What Happens with Break Leases in a Weaker Rental market?

What Happens with Break Leases in a Weaker Rental market?

What Happens with Break Leases in a Weaker Rental market?

It seems that Tenants seeking to “break their lease” happen more at the end of the tourist season due to varied reasons for them i.e job transfer, reduction in work hours, moving back home due to a change of plan.  A Break Lease is when a tenant makes the choice to vacate even though the fixed term has not yet ended. Owners feel disappointed to be losing their tenant before the end of the signed agreement, but cannot force a tenant to stay but neither can the tenant expect to simply walk away from a fixed term tenancy without any further financial obligations.
 
With break lease scenarios, some tenants intend to vacate quickly; others give lots of forewarning; and others will stay until a new tenancy is secured and then organise themselves to vacate just beforehand.  Owners are required to actively try to relet the property ie a duty to mitigate (avoid or reduce) the tenant’s costs. However the Owner (or their Agent) is not obliged to lower their standard of tenant screening, or accept a new tenant who does not meet the usual selection criteria, merely to relet the property quickly.
 
What happens in a weaker rental market? If the market is slow, as long as the owner and their agent is being proactive in seeking to relet the property the lessor could still reasonably expect the ‘break lease’ tenant to compensate them. The Tenant is obliged to pay any shortfall of rent where the Owner has had to accept a new tenancy at a lower rent in order to relet the property. The Tenant is also obliged to “maintain” the property ie cover the cost of ongoing tenant obligations under the terms of the tenancy agreement to ensure the property remains in a rentable condition. Examples might include pool cleaning/chemicals, or gardening, now not being completed by the tenant if they have already moved out of the property.
 
What happens if the same rent cannot be achieved? if for example a property was rented at $500 per week but the market has slowed and the same property is now only able to achieve rent of $450 per week, then the ‘break lease’ tenant is expected to compensate the lessor for the shortfall until the end date of their fixed term. The reality is that it is increasingly challenging for Agents  to recover the compounding amount from a tenant who has already vacated and does not have the funds or a job. In addition the property could be sitting vacant for several weeks which is not desirable in any location. The sooner a new tenant is residing in the property, the better it is for all parties.  One option is to advertise the property at the likely achievable rent, and the ‘break lease’ tenant compensates the Owner for the short fall up from when the new tenancy commences through to the end date of the ‘break’lease’ tenant’s fixed term. This means a total sum would be calculated, to be paid in one amount and deducted from the bond – assuming the bond is not required for other things as well.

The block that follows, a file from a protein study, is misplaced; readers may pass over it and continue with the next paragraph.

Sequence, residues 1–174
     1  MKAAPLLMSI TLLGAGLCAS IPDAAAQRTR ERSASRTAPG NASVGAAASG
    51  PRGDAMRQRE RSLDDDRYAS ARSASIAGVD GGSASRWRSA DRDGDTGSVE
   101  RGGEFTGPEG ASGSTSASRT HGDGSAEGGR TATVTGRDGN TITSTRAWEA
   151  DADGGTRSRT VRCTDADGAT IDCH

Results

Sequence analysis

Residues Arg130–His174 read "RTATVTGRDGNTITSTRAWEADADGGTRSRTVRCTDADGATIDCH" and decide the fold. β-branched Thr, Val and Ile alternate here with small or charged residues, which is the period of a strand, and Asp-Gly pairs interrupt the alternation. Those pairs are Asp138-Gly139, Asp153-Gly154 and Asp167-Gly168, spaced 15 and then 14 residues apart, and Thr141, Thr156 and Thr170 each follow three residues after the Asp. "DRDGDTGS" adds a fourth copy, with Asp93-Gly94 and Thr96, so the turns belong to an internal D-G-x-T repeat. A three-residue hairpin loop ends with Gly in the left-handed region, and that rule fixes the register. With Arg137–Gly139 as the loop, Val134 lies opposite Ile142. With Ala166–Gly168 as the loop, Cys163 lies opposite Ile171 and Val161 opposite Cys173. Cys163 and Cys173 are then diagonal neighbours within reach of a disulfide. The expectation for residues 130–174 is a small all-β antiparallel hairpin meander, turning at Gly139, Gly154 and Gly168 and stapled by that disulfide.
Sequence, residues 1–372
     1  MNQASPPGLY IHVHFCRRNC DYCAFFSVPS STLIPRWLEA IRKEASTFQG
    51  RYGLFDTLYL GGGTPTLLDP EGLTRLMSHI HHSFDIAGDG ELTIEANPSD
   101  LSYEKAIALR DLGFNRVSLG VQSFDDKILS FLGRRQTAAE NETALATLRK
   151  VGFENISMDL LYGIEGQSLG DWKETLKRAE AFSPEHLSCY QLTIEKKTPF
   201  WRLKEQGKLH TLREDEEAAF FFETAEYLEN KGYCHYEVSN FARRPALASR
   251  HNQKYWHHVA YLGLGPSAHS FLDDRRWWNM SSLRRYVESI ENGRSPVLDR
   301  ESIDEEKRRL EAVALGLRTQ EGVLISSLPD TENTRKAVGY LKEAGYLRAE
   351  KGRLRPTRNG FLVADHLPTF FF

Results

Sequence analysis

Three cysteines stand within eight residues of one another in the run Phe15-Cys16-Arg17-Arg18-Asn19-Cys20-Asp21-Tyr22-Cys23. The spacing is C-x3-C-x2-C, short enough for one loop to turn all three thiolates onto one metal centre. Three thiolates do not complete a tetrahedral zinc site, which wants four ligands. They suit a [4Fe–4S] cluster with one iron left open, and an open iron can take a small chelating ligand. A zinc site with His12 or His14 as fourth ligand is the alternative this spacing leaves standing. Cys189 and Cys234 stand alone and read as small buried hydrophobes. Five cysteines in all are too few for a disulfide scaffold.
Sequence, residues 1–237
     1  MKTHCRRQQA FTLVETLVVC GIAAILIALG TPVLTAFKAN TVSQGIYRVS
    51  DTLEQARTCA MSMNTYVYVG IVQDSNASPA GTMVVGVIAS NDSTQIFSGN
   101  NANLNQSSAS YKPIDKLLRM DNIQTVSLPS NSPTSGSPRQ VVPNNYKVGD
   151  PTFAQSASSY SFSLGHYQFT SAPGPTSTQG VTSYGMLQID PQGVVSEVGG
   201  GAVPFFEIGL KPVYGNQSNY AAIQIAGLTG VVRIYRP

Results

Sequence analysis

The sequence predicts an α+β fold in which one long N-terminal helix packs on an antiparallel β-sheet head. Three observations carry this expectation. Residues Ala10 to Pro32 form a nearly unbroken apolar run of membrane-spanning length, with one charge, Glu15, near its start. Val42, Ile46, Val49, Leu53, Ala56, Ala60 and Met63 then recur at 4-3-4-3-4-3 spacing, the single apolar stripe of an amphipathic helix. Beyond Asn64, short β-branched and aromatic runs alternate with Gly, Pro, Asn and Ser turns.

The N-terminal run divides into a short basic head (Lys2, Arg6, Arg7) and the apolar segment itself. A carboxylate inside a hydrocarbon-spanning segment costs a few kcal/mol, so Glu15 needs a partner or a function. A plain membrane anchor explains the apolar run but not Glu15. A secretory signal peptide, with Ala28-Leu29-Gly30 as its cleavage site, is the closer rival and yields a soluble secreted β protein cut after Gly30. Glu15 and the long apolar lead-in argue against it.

The security bond cannot be finalised until the final unpaid rent figure is known - which won’t be until the property is relet. As your Agent we shall always seek and act in accordance with your lawful instructions. We also ensure the tenant is aware that their cooperation in allowing our Agency access to show the property to prospective new tenants will benefit them as well as ensuring the property is well presented. At the same time we also outline to  the tenant the costs they are reasonably going to be expected to reimburse to the owner.
Even though we do all of this, occasionally tenants do not adhere to their obligations and we need to seek an order from the Court Tribunal.  This is a very

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